Three news stories combined this week to show why most Americans are furious with the national government that purports to serve them. The government's legislative and executive branches are culpable in one way or another for their respective "dysfunction," so who can blame voters for rebelling? Unsurprisingly, some members of Congress are retiring in disgust.
First, Sen. Bob Corker's not unexpected announcement this week not to seek a third term is important for Tennesseans. But it also intensifies the Republican party's headache ahead of the looming midterm elections, the results of which are anybody's guess.
Corker has long favored the citizen-legislator concept, explaining in his announcement that he had early on thought of serving only two terms. Tennesseans and the GOP establishment need only consider his background as a successful businessman and Chattanooga mayor to understand his thinking.
Those careers reinforced Corker's reputation as results-oriented, and for good reason. A business owner who ignores that ideal can soon find himself working for someone else. And a derelict mayor is just one telephone call away from disgruntled constituents.
That helps explain Corker's expressions of frustration over Congress' failure so far to pass any significant legislation despite the members' promises otherwise.
Second, despite its takeover of the White House and retention of its congressional majorities, the GOP has failed to deliver on its promises to Americans that sweeping changes were imminent.
Nowhere was that more evident than the embarrassing failure to "repeal and replace" Obamacare after seven years of promising to do just that. Much of the blame has fallen on Senate Majority Leader Mitch McConnell's leadership but both parties must share the responsibility of failing to work together on the issue. Or even indicating an intention to do so.
There is of course no guarantee that circumstances will change if Democrats defy expectations and win control of one or both houses of Congress next year.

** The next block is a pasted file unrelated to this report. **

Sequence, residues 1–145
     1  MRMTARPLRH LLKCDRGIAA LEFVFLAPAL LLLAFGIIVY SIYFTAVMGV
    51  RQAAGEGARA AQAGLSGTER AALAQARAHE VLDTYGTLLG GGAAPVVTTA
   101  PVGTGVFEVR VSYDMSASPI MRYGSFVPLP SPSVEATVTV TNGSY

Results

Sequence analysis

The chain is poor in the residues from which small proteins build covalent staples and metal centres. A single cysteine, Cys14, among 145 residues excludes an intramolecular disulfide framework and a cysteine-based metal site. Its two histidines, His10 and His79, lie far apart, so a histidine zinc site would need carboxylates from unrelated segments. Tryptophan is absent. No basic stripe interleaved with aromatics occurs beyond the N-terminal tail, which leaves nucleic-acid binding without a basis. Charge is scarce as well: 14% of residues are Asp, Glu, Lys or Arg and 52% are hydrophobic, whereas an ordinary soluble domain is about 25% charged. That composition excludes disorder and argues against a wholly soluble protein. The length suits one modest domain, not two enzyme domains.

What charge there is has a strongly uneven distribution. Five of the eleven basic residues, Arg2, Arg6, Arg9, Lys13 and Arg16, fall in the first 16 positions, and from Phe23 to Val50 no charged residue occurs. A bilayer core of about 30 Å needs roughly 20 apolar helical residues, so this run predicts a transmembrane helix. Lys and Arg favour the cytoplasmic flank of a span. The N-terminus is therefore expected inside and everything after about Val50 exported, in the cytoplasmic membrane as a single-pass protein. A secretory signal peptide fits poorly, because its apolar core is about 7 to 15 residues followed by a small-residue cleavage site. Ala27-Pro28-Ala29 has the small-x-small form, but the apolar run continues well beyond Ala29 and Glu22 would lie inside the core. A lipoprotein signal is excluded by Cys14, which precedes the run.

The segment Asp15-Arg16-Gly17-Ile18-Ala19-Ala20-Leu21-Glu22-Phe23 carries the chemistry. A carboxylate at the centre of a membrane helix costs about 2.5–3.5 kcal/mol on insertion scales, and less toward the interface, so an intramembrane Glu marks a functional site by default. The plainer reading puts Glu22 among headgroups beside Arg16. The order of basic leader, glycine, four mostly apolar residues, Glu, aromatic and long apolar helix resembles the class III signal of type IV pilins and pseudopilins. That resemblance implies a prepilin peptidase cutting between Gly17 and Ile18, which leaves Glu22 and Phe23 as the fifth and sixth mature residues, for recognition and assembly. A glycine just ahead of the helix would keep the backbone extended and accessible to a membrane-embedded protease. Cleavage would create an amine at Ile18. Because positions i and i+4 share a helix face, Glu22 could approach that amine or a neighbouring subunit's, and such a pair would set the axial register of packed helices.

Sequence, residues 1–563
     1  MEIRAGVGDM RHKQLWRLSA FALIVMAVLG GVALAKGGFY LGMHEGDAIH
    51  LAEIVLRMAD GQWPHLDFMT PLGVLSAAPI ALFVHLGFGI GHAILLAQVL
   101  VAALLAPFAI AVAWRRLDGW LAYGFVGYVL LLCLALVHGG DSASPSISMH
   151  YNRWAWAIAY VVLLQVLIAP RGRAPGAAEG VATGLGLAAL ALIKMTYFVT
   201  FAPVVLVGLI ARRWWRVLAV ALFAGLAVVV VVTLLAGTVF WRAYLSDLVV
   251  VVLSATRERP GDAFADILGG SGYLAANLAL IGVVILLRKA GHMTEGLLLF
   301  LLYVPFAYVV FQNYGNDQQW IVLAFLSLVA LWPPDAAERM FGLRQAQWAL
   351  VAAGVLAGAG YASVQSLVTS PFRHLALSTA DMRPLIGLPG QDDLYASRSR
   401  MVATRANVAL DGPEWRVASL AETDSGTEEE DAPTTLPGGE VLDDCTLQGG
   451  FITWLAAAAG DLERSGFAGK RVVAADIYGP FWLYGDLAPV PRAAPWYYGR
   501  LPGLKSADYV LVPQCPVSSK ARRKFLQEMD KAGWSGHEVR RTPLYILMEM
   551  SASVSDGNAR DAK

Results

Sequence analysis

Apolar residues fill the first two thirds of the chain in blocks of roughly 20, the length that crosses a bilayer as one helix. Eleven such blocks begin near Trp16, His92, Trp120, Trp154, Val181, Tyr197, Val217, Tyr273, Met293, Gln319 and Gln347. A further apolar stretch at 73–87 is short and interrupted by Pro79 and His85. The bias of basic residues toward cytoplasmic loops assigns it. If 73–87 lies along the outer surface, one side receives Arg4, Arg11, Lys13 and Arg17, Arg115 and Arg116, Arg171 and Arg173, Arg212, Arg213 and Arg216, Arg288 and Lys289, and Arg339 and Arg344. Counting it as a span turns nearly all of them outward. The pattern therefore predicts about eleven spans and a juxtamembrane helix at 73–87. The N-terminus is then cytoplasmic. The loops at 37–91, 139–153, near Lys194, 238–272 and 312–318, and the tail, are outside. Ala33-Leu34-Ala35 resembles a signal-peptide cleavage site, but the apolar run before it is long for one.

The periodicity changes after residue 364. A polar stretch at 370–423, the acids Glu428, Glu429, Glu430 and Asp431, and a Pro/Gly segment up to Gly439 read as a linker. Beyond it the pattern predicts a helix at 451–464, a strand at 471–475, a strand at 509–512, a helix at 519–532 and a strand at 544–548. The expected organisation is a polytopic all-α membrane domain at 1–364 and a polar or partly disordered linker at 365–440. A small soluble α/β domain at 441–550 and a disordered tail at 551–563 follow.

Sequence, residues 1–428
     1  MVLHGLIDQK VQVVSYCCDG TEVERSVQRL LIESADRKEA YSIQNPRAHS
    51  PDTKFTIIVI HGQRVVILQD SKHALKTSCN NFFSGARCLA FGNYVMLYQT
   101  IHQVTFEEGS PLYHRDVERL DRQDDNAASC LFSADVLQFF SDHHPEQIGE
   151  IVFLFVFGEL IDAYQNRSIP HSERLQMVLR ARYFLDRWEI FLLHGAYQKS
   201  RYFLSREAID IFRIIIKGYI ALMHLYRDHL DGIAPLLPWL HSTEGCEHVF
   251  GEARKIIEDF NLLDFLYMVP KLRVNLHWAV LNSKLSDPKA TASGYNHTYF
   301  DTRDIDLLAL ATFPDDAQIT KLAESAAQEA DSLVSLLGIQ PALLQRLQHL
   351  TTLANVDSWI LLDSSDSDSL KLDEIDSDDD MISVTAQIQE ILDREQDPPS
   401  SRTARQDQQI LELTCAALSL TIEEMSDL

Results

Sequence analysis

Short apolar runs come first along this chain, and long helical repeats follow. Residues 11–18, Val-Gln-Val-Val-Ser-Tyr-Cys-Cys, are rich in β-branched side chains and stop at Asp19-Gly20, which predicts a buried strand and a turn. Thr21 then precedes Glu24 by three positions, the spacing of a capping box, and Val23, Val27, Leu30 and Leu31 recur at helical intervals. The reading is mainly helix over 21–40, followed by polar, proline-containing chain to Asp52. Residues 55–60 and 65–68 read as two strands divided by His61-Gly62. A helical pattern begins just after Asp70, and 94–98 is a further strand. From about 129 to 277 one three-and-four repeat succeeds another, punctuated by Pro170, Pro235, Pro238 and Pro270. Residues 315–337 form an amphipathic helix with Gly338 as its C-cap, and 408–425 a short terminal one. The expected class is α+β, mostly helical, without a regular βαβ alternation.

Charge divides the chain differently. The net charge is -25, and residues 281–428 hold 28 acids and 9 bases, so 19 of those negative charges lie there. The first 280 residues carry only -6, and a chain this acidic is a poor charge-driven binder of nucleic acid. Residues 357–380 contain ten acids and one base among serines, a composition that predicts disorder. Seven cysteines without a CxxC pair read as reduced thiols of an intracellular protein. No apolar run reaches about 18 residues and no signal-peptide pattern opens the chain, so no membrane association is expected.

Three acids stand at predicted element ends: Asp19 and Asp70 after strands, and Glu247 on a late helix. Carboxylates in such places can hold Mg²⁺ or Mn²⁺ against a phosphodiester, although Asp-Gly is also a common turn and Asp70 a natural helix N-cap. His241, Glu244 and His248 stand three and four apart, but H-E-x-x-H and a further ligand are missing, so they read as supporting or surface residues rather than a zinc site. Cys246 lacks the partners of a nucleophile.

Thus the discouraging realization that Congress as an institution is stagnant, which in turn helps explain the aggregation of poll results giving it only a 15 percent approval rating.
It is too soon to tell whether Congress will begin a self-imposed therapy regimen to try reversing that damning judgment. Odds are it won't. It is so seriously indebted to campaign donors — PACs, lobbyists, rich individuals, et al — that recovery seems seriously out of reach.
The same could be said of both parties' refusal to embrace bipartisanship in addressing an issue like health care. It's safe to assume no member is without such coverage — unlike millions of uninsured Americans who must rely on emergency room visits.
In a better universe, the nation's president would use the power of his office to persuade Congress to do what it ought: see to it that Americans' basic needs are met. But a president can't do that unless he has acquired a knowledge of what is needed to achieve success. Unfortunately, Donald Trump has failed to do just that. No surprise, since his "leadership" rests upon a pointless slogan ("Make American Great Again") rather than a clear vision unencumbered by "Twitterization" of the presidency.
Finally, to the extent that polls focused on a president's effectiveness are revealing, Americans are increasingly wary of Trump's stewardship. The respected Quinnipiac University poll this week says more than half of them think he is "not fit to serve as president." A similar percentage give him a miserable judgment on job performance.
Most worrisome is how America, in the future, will deal with a bellicose North Korea and its erratic leader. Common sense dictates adhering to Theodore Roosevelt's advice on international crises: "Speak softly and carry a big stick..."
The Pentagon gives Trump a "big stick. His version of the first part, unfortunately is "Open a big mouth."
Michael Loftin is a former opinion editor of The Chattanooga Times.